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A Perspective, from Logan Dunning’s mother

Valley Forum

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(Editor’s note: Last September, Sonoma Valley resident Logan Dunning pleaded “no contest” to a charge of attempted murder in the brutal beating of Austin Ridge. In a separate case, he pleaded “no contest” to six counts of arson in connection with a string of car fires in Santa Rosa. In November, he was sentenced to 10 years in prison for all counts. Until now, there has been no public explanation for Dunning’s violent behavior. This is his mother’s story.)

By Megan Gordon

Two years ago this month, my son Logan was in a treatment facility, three months into a six-month, court-ordered program. He was 21 years old. He was participating and tested frequently.

One night, I got a call from his social worker telling me that Logan was being admitted to the Kaiser emergency room. I met him there and we stayed with Logan, who was having his first bipolar episode, and hadn’t slept in three nights. It was very sad and scary for me, but I also felt relief; here was something we could diagnose. I was grateful it had happened while he was in the program so it would be clear this was not related to alcohol, but was clearly an illness.

Logan was taken to a locked psych ward in San Jose. He was on so many drugs he was a zombie. I still have them so I can remember how many there were. He was very sick.

After a month, he went to Casa Vallejo for two weeks of after-care. It was obvious he needed a period of stabilization. His sister works with corporations and insurance companies, and she persuaded Turning Point, a Santa Rosa residential treatment center, to hold his bed available. He had to agree to continue to participate in the program, which he did.

That conversation took place while he was still so sick and drugged he wasn’t combing his hair. I was hopeful he would have someone to help him continue on his meds, and monitor him medically.

But no. After a week, Turning Point had a judge release him. I could only watch. The judge said, “Go to Kaiser outpatient program and take your meds, or you’re coming back to jail.” Turning Point gave him 50 cents to call someone.

The law doesn’t recognize anything except complete insanity. Logan was not choosing all these events. There was nowhere for him to get the help that he needed before drinking and hurting Austin Ridge.

We are all so very sorry that happened. I contributed to Austin’s fund and watched him ride in the Fourth of July parade. I wish many blessings for him and his family.

Logan, meanwhile, joins the thousands who are ill and in prison. I work as a psych tech at Sonoma Developmental Center, and I know about psychiatric illnesses, health care, addiction and the value of positive programs. It is my deepest wish and belief that we will make progress in identifying and treating mentally ill people, preventing violent behavior and imprisonment.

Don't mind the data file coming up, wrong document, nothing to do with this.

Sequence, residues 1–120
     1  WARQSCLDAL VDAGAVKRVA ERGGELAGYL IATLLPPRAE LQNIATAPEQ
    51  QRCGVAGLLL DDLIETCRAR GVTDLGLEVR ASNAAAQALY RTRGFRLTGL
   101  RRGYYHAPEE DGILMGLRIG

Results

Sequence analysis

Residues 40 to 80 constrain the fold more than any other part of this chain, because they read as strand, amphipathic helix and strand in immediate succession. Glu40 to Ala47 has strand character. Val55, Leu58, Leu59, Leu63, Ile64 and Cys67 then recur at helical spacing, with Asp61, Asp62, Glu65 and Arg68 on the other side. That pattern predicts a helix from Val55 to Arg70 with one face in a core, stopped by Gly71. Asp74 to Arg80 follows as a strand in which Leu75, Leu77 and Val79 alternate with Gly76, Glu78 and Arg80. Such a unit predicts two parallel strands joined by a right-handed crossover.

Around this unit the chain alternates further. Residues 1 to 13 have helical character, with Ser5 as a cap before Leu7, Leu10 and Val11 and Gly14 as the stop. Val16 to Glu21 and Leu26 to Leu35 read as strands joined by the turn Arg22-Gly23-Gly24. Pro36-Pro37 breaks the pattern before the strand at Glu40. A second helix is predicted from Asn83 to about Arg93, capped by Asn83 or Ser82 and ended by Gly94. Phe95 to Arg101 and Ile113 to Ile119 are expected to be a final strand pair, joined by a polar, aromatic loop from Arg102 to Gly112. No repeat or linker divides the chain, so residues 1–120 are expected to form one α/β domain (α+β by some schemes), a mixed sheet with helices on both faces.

Megan Gordon is Logan Dunning’s mother and now lives in Santa Rosa.

 

  • Dee Test

    I commend Megan Gordon for writing this painful story. The public was informed about the horrendous and inexplicable beating of Austin Ridge, but we were never really informed about the perpetrator or the possible motive for such a heinous crime. It all makes much more “sense” now. We are all responsible for the terrible physical attack on Austin Ridge. We have allowed the needs of the mentally ill to take a backseat to virtually every other social cause and every other group requiring our attention and efforts and resources. “The chickens are coming home to roost”. We will continue to be effected – in very negative ways – by the suffering of the mentally ill. We may prefer to ignore those with severe mental illness, and refrain from extending the compassion they deserve. Ultimately it is not just a matter of conscience, but a matter of pragmatic realism. If we want to live in a civilized society we can not revert to the “snake-pits” of the Middle Ages, or trade them for the prisons of today. We must insist upon a real mental health system that actually is compelled to provide care for the mentally ill.

  • The Village Idiot

    A courageous letter, Megan Gordon. Logan and Austin are both victims of a callous indifference to the mentally ill. It should be a national outrage that billions are spent on the world’s largest military to kill and maim 10’s of thousands around the world in questionable defense of vague “national interests,” yet there is no money to help your son and millions like him here at home. Apparently, neither he nor Austin were a national interest. It is also puzzling why your son did not have an insanity defense or why, after pleading no contest, he was not committed to a mental hospital where he would be treated, instead of a prison, where he will be tormented. It seems Justice was not only Blind, but severely mentally ill.

  • Phineas Worthington

    I agree that this is a very brave and heartfelt letter. It is an incredible tragedy to watch a loved one struggle and decline or ride the roller coaster of bipolar disorder and be helpless in watching as a loved one.

    However, I too am closely related to people that have serious mental illness, some violent, some not. And I personally know that mentally ill people often learn to use their illness as an excuse for bad behavior. It is not. We are all accountable and it is especially important to make this clear to those who are mentally ill. The psychiatric field for too long has led many to believe that one is not responsible for their behavior when they are mentally ill and I whole heartedly disagree.